The amended act, approved 12 February, 1828, extends the remedies given by the former act so as to embrace the owners, mate, clerk, pilot, and engineer, as well as the master, and they are declared to be liable to the action of the party aggrieved, "either jointly with the masters, or severally, and either at law or in chancery."

It appeared in evidence that the negroes were the slaves of Graham, and that they were musicians; that for their improvement in music two of them were placed under the care of one Williams, who was a skillful performer and leader of a band, and were permitted to go with him to Louisville and other places and play with him at public entertainments. The following permit was filed as an exhibit, and proved.

"Harrodsburg, August 30, 1837"

"This is to give liberty to my boys, Henry and Reuben, to go to Louisville, with Williams and to play with him till I may wish to call them home. Should Williams find it his interest to take them to Cincinnati, New Albany, or any part of the South, even so far as New Orleans, he is at liberty to do so. I receive no compensation for their services except that he is to board and clothe them."

"My object is to have them well trained in music. They are young, one 17 and the other 19 years of age. They are both of good disposition and strictly honest, and such is my confidence in them that I have no fear that they will ever [act] knowingly wrong, or put me to trouble. They are slaves for life, and I paid for them an unusual sum; they have been faithful, hard-working servants, and I have no fear but that they will always be true to their duty, no matter in what situation they may be placed."


"P.S. Should they not attend properly to their music, or disobey Williams, he is not only at liberty, but requested, to bring them directly home."


Under this permission, Williams, in the year 1837, made several excursions with his band, including the slaves Reuben and Henry, to Cincinnati, Ohio, and New Albany and Madison,

Page 51 U. S. 85

Indiana, for the purpose of playing at balls or public entertainments, after which he returned to Louisville, his place of residence, said slaves returning with him, from which time to the time of their escape in 1841 they had remained within the State of Kentucky.

Page 51 U. S. 92

MR. CHIEF JUSTICE TANEY delivered the opinion of the Court.

The facts in the case, so far as they are material to the decision of this Court, are briefly as follows:

The defendant in error is a citizen of the State of Kentucky, and three negro men whom he claimed and held as his slaves were received on board the steamboat Pike at Louisville without his knowledge

Page 51 U. S. 93

or consent and transported to Cincinnati, and from that place escaped to Canada and were finally lost to him.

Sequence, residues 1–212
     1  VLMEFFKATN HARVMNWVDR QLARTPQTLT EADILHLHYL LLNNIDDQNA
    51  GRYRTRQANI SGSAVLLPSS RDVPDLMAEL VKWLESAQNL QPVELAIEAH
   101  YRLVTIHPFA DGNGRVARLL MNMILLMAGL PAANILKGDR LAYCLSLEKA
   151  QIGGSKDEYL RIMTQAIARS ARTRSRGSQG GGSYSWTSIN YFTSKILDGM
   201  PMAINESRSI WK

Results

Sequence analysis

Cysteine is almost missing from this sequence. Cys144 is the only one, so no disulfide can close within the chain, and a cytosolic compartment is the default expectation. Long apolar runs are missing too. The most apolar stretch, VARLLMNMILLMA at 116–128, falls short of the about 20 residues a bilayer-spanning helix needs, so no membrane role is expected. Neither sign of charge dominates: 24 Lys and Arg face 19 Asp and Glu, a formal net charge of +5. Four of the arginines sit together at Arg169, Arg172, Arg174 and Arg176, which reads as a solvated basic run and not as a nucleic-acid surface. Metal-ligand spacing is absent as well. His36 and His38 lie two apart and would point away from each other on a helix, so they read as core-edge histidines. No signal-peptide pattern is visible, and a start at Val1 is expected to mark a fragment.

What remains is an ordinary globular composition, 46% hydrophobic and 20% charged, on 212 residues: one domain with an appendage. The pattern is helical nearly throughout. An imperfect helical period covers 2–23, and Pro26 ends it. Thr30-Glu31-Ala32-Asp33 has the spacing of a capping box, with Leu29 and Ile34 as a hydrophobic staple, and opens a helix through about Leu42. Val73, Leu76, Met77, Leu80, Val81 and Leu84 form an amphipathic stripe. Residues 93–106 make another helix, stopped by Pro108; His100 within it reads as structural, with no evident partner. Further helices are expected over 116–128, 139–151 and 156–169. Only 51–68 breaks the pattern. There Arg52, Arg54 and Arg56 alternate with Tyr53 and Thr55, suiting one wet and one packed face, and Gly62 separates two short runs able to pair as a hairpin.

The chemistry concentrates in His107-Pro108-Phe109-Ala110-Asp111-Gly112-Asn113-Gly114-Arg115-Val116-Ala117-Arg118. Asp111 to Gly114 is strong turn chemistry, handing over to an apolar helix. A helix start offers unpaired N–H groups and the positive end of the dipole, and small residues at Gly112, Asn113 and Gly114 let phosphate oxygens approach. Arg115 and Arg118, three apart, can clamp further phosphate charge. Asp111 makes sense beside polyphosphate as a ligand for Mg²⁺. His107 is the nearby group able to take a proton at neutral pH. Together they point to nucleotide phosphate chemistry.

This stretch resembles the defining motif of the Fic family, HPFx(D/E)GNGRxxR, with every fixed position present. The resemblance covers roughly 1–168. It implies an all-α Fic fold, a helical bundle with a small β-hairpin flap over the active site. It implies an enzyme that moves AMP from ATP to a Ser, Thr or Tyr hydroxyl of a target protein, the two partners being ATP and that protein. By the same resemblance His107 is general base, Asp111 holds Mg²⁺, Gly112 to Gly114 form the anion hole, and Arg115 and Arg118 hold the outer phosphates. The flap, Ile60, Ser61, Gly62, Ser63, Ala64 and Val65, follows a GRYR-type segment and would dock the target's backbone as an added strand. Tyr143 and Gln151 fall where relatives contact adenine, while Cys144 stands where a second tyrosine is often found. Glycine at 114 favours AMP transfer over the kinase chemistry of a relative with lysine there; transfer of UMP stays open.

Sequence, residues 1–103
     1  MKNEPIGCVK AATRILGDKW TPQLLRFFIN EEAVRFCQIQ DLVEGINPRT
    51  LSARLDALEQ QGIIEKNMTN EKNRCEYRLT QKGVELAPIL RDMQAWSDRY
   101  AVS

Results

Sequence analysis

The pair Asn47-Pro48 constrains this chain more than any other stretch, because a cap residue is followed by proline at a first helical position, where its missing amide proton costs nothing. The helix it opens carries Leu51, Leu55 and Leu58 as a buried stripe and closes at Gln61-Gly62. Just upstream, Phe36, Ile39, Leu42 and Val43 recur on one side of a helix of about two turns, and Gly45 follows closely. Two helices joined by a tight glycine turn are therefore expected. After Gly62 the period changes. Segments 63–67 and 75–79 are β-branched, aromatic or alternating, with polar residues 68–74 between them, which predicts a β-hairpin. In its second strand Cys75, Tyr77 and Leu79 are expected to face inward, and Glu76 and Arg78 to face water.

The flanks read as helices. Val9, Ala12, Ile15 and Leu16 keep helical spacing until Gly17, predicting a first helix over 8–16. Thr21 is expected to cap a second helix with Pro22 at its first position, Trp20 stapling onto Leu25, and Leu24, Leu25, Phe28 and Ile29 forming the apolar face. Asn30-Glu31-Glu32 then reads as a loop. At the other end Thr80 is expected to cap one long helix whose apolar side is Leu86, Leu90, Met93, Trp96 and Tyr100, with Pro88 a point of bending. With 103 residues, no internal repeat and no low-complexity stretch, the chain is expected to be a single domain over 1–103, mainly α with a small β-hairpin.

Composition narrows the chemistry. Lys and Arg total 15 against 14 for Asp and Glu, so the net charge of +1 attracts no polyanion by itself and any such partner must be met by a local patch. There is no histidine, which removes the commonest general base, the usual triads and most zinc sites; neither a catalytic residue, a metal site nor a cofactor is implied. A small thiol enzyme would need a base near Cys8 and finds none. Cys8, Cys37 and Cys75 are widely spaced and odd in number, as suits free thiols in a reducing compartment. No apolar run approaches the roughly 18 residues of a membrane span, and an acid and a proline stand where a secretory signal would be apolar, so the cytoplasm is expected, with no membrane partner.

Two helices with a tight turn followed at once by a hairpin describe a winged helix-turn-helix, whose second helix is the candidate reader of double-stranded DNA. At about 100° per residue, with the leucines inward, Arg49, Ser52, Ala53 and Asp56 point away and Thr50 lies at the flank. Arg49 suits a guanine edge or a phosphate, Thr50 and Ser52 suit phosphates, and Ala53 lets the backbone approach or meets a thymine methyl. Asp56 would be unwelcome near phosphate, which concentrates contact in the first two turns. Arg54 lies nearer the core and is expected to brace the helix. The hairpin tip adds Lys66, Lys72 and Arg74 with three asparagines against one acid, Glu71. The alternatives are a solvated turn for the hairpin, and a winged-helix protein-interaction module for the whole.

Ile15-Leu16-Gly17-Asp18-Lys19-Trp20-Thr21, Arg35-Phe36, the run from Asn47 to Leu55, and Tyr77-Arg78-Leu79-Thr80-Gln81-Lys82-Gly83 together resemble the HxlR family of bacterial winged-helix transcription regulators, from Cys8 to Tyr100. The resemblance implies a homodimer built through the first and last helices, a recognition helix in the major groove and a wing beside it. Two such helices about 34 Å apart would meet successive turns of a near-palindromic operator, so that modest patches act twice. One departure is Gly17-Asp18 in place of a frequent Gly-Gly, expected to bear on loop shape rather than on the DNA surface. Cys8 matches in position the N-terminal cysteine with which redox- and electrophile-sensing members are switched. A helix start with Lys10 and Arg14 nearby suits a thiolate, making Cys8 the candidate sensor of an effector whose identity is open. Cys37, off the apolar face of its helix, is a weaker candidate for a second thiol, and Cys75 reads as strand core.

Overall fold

The proceedings before us were instituted under a statute of Kentucky in the Louisville Chancery Court against the plaintiffs in error to recover the value of the slaves which had thus escaped, and, in default of payment by them, to charge the boat itself with the damages sustained. Strader and Gorman were the owners of the boat and Armstrong the master.

The plaintiffs in error, among other defenses, insisted that the negroes claimed as slaves were free, averring that sometime before they were taken on board the steamboat they had been sent, by the permission of the defendant in error, to the State of Ohio to perform service as slaves, and that in consequence thereof they had acquired their freedom and were free when received on board the boat.

It appears by the evidence that these men were musicians and had gone to Ohio on one or more occasions to perform at public entertainments; that they had been taken there for this purpose, with the permission of the defendant in error, by a man by the name of Williams, under whose care and direction he had for a time placed them; that they had always returned to Kentucky as soon as this brief service was over, and for the two years preceding their escape they had not left the State of Kentucky, and had remained there in the service of the defendant in error as their lawful owner.

The Louisville chancery Court finally decided that the negroes in question were his slaves and that he was entitled to recover $3,000 for his damages. And if that sum was not paid by a certain day specified in the decree, it directed that the steamboat should be sold for the purpose of raising it, together with the costs of suit. This decree was afterwards affirmed in the Court of Appeals of Kentucky, and the case is brought here by writ of error upon that judgment.

Much of the argument on the part of the plaintiffs in error has been offered for the purpose of showing that the judgment of the state court was erroneous in deciding that these negroes were slaves. And it is insisted that their previous employment in Ohio had made them free when they returned to Kentucky.